While there is certainly a place for “adult” stories in the Batman universe, it feels wrong that there hasn’t been an appropriate Batman movie for parents to take their kids too since 1997’s Batman & Robin. While I don’t want to get into a Marvel vs. DC debate, one advantage that Marvel does have over the DC cinematic universe in its current state is that their movies are actually appropriate for all audiences, whereas DC’s crop seems aimed at the over-30 crowd. That’s fine, but when merchandise for a movie like Batman v Superman is being aimed directly at children, it doesn’t seem right that the movie itself is wildly inappropriate for these kids to watch.

The Lego Batman Movie nails that sweet spot that Pixar movies do so well where there are a ton of jokes and references aimed at the adults in the audience, but still enough colorful characters and fun sequences to appeal to kids. It’s hard to see DC abandoning its darker cinematic universe (although there will likely be individual installments that are more lighthearted depending on the character) but it’s refreshing to see something like The Lego Batman Movie recognize the need for cross-generational appeal. Who knows, maybe a separate Lego DC movie universe is the answer?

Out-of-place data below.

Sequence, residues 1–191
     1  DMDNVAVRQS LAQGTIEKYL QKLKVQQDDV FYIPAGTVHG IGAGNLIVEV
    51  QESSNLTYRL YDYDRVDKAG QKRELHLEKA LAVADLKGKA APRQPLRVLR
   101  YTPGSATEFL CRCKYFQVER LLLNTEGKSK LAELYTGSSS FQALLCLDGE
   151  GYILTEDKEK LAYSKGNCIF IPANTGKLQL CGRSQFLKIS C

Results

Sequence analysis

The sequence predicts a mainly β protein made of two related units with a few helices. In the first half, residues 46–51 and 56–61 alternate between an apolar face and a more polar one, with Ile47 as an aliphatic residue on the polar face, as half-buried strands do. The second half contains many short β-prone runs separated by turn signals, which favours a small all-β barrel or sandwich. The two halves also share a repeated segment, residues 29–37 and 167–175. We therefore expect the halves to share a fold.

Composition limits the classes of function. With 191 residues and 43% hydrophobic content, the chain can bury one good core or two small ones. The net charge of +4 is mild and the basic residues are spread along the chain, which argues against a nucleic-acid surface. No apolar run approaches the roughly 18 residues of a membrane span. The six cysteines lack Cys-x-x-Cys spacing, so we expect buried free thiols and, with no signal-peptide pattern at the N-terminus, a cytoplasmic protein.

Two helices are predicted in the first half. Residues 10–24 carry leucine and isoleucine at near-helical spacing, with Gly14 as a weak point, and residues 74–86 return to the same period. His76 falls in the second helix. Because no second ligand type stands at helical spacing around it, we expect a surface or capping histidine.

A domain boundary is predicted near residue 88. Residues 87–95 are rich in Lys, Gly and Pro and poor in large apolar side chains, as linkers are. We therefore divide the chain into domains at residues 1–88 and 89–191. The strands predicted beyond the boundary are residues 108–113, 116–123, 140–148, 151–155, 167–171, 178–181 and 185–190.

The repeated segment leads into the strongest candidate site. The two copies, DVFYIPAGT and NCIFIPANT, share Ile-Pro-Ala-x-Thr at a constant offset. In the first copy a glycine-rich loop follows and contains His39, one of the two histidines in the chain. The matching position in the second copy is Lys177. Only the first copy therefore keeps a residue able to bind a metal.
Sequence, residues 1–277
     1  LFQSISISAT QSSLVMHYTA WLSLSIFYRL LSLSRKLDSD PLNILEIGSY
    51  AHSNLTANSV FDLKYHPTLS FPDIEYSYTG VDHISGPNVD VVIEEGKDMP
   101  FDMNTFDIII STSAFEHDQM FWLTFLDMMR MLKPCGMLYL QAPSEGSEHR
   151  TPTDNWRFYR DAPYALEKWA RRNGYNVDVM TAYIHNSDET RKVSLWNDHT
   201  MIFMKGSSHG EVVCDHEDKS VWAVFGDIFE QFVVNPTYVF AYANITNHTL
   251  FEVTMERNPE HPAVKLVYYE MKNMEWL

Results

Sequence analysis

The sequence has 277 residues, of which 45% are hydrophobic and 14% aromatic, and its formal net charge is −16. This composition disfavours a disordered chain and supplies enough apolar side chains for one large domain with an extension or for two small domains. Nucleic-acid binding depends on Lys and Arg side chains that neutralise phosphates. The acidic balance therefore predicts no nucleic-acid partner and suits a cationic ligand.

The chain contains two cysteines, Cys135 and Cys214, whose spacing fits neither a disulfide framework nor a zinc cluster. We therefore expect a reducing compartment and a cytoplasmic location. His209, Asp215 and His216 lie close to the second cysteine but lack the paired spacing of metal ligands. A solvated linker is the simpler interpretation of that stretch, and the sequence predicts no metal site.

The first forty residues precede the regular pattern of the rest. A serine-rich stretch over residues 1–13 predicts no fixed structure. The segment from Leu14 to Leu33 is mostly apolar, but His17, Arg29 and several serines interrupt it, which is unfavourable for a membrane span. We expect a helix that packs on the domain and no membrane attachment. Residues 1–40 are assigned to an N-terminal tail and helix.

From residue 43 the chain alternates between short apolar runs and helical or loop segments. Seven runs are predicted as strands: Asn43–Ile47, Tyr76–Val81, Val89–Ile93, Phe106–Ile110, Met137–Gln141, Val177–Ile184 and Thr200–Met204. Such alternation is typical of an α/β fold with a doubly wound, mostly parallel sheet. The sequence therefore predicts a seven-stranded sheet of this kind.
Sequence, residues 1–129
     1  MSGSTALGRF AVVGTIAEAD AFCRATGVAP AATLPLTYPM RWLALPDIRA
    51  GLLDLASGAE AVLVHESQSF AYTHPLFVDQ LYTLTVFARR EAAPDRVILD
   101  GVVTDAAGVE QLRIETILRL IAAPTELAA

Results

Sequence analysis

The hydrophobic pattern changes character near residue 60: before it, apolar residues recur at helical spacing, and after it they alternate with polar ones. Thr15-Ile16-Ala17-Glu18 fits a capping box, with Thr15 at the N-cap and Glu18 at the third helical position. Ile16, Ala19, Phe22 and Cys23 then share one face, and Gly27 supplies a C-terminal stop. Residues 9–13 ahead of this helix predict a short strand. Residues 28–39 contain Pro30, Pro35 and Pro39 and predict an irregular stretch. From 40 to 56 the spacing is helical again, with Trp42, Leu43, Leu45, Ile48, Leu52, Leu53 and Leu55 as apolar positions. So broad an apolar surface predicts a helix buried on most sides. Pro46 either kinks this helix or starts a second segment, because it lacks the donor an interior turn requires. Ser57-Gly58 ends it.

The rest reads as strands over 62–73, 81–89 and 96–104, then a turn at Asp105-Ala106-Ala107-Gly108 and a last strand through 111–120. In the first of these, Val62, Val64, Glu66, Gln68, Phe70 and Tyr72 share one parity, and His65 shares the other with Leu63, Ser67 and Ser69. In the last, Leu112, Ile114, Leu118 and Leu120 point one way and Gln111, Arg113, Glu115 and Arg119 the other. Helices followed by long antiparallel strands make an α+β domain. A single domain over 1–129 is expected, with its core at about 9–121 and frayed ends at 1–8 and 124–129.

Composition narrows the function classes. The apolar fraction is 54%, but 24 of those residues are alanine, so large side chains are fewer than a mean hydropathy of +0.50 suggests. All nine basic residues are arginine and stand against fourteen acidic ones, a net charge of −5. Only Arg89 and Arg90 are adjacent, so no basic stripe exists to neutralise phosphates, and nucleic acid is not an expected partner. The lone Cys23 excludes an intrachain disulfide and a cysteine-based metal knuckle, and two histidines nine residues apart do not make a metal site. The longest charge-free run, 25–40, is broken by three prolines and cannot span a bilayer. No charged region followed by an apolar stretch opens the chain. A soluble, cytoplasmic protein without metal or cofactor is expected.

Photo: Warner Bros.

It’s Fun

Although Christopher Nolan’s Dark Knight Trilogy helped inject some much-needed realism and respectability to the franchise after Schumacher’s Batman & Robin went too far into campy excess territory, it also helped spawn this narrative that Batman movies are supposed to be serious and not have fun. Balancing the inherent darkness of Batman with entertaining storytelling has always been a difficult balancing act, but whereas Nolan’s films put a focus on entertainment alongside their examination of darker themes such as chaos, vigilantism, and the surveillance state, Zack Snyder’s Batman v Superman was gritty to a fault, taking in its heroes being unlikable thugs.

Lego Batman, on the other hand, puts the emphasis on fun above all else, with a seeming mandate to put a smile on the audience’s face and keep it there for the entirety of its 106 minute run time. Again, The Lego Batman Movie is doing something very different from the more recent live-action adaptations, but it definitely sends a clear message to the Zack Snyders of the world to make sure their superhero movies don’t forget why people gravitate toward these characters in the first place.

Source: IndieWire